American Bryan Fletcher repeated his result from the normal-hill competition as well, placing 17th on Tuesday, 1:42.9 minutes behind Rydzek in first. Fletcher had started the 10 k 2:04 minutes back in 23rd based on his jump. His teammate Ben Berend started 8 seconds behind him in 24th. Ultimately, Fletcher raced up to 17th with the 10th-fastest course time while Berend slipped to 39th (+4:28.2).
“The second I was in the air I knew I had a good one,” Berend told FasterSkier after the jumping portion of Tuesday’s competition. “Because when you do it right, you’re just flying, and I was really high and I was pulling away towards the bottom of the hill and so I knew, but I couldn’t feel any wind or anything. I was just so psyched, trying to enjoy every second of it.
“I haven’t had that many good jumps this season so I’ve just been searching for that,” Berend explained. “It’s funny, it’s so easy when you are doing it right and it’s so hard when you’re lost, and so I finally felt like, that might have been my best jump of the season, honestly, so what are the odds of doing that at the Olympics? That’s pretty cool.”
Tuesday was the 22 year old’s first Olympic competition after he sat out the first individual event because his jumping had been going poorly in training, he said. (Each team can only start four athletes per event. Taylor Fletcher sat out Tuesdsay’s competition.)
“I definitely was a little nervous for tonight, even though there is no pressure on me,” Berend said. “… Our coach [three-time U.S. Olympic biathlete Jeremy Teela] texted us, he’s actually our cross-county coach, he’s back at home, and he just said, ‘You guys have nothing to lose. Don’t be scared to fail.’ So that’s kind of our mindset here, and it was good; it kind of works for me.”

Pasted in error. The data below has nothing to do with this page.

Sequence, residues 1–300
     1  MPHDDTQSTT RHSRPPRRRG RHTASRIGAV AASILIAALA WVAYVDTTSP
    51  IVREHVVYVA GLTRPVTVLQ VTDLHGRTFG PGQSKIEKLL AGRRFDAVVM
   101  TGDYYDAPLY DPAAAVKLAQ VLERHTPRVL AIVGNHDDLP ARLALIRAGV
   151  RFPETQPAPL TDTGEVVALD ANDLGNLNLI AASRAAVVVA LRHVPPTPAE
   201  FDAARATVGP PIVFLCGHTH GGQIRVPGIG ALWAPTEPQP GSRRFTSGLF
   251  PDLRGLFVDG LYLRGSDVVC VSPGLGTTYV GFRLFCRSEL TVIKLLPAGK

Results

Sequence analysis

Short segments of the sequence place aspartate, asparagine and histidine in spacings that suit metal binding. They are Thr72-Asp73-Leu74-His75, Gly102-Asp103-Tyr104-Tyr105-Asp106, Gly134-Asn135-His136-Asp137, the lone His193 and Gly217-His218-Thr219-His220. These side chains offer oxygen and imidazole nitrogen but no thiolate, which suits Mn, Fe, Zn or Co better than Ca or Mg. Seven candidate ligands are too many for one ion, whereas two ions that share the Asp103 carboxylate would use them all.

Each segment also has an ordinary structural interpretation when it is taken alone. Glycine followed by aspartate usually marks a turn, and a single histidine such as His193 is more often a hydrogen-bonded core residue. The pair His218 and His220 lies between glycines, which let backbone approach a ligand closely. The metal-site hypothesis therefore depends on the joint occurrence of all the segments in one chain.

After the race, Bryan Fletcher, who had skied up to 13th by 7.5 k, recalled pulling a chase group for most of the four laps. He ended up 17th, 3.2 seconds shy of 16th place, behind Japan’s Go Yamamoto.
“I went all in and just tried to make up as much ground as possible,” Fletcher told FasterSkier after. “I was hopeful and optimistic that I’d have the legs at the end. I knew that they were going to come around me with a pretty hard attack, and both of the guys that were with me have great finishing sprints, so I tried to pace myself a little bit, but I also knew that 17th or 10th or whatever you could get up to, it doesn’t really matter unless you’re on the podium so I was really going all in. … Unfortunately it didn’t work out, but I’m happy with how I skied and happy with the performance I had on the course today.”
Just behind Berend, his teammate Ben Loomis finished 40th (+4:38.8), up from 43rd in the jump, and Jasper Good followed in 43rd (+5:50.2), up from 46th.
“It was kind of tough jumping … [and] hard to start the race at the back, but overall it was a good race by me and I felt pretty good out there,” Loomis said after. “Regardless of how I have and how I continue to do here, there’s a lot to take away and I’m learning a lot about how to better refine my preparations and just stay relaxed out there and just really put my best foot forward.”
Nordic combined at the 2018 Games will conclude with the 4 x 5 k team event on Thursday.
— Jason Albert and Harald Zimmer contributed